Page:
Although it excluded the Patriarchs’ Cave and Rachel’s Tomb from its list of national heritage sites, the Israeli government has decided to recognize Tel Shiloh, an archeological site in the Samaria region, as a national heritage site and provide it with approximately 15 million shekels for upkeep.
Tel Shiloh is the site of the ancient Biblical Tabernacle, the Cave of Abraham, the Synagogue of the Dome of the Divine Presence, the burial site of Eli the High Priest and the synagogue of Hannah's prayer.
Arutz Sheva met and spoke with Tel Shiloh’s manager and PR director, Tzofia Dorot, at the 18th International Mediterranean Tourism Market show in Tel Aviv on Wednesday.
“We already know that ancient Shiloh is a very important site for the history of the Jewish nation and also for the history of the world,” Dorot said, “and we’re very happy that the government decided that it’s going to work with us and develop the site.”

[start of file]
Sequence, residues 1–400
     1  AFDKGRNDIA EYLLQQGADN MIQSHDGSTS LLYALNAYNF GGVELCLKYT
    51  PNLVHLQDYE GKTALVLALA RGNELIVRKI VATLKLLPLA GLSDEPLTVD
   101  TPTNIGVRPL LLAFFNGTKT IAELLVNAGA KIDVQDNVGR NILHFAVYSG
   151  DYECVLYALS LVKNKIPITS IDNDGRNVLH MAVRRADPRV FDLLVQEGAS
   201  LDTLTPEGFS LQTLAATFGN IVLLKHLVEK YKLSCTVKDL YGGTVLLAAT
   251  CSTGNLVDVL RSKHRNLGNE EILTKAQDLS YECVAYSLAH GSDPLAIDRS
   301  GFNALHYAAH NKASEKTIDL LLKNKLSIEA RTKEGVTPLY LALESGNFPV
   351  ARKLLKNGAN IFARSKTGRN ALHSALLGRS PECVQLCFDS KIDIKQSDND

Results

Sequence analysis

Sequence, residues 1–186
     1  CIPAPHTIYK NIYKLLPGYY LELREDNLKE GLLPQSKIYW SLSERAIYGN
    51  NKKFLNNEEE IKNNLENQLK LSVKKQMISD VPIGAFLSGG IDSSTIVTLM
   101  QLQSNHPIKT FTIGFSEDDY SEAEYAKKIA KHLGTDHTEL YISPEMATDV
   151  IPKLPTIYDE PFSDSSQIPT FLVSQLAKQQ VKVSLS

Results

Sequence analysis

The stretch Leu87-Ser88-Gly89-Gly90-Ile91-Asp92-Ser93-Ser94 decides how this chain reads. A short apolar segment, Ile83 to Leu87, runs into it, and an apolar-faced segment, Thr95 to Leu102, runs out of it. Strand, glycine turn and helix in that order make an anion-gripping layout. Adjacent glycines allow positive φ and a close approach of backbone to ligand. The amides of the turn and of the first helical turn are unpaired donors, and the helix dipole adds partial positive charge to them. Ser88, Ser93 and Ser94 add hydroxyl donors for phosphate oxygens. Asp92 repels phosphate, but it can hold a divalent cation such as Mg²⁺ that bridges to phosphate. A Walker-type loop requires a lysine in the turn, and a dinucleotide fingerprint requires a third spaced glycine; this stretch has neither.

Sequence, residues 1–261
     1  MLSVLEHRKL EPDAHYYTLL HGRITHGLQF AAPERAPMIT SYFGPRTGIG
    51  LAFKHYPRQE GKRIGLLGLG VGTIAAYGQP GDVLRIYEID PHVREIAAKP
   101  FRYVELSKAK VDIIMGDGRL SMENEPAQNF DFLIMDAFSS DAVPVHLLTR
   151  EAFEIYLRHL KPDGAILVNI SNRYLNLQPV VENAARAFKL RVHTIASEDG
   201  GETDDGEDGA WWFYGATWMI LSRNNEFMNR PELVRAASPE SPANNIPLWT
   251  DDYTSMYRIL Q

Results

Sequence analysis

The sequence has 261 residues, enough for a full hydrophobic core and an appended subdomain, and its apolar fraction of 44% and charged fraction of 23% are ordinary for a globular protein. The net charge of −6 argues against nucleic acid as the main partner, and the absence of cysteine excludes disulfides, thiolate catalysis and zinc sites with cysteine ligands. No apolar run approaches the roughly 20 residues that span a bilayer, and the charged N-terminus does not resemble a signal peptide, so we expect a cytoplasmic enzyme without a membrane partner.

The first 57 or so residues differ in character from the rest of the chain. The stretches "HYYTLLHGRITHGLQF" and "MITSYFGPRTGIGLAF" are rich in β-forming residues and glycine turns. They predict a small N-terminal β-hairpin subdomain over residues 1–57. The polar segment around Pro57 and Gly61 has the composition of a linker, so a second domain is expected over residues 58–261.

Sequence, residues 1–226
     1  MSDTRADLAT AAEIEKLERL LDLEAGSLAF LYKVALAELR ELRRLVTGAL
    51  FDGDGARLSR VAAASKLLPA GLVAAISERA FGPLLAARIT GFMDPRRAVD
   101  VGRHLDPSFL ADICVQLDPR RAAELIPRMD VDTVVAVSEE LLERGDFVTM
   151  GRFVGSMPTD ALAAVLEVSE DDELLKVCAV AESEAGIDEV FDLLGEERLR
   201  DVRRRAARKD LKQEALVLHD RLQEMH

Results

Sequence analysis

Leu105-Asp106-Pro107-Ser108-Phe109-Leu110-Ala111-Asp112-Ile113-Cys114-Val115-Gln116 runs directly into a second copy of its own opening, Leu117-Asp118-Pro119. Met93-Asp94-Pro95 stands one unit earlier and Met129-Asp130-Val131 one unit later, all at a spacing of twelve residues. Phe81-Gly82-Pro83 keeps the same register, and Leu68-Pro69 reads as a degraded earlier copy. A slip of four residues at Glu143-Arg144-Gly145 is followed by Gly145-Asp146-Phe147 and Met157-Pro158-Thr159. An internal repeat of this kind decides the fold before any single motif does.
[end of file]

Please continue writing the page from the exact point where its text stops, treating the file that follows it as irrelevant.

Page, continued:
Dorot said that the first item on the agenda is an archaeological dig to expose the whole ancient city of Shiloh and the construction of a visitors’ center for people who will come to see the site.
“We’re very proud of the Israeli government for making this very important decision,” she said.
Dorot’s booth at the tourism show displayed the Binyamin region, and she said that she was telling people “that they should come see the Bible land and they should come and understand that the roots of the Jewish nation are deep in the ground.”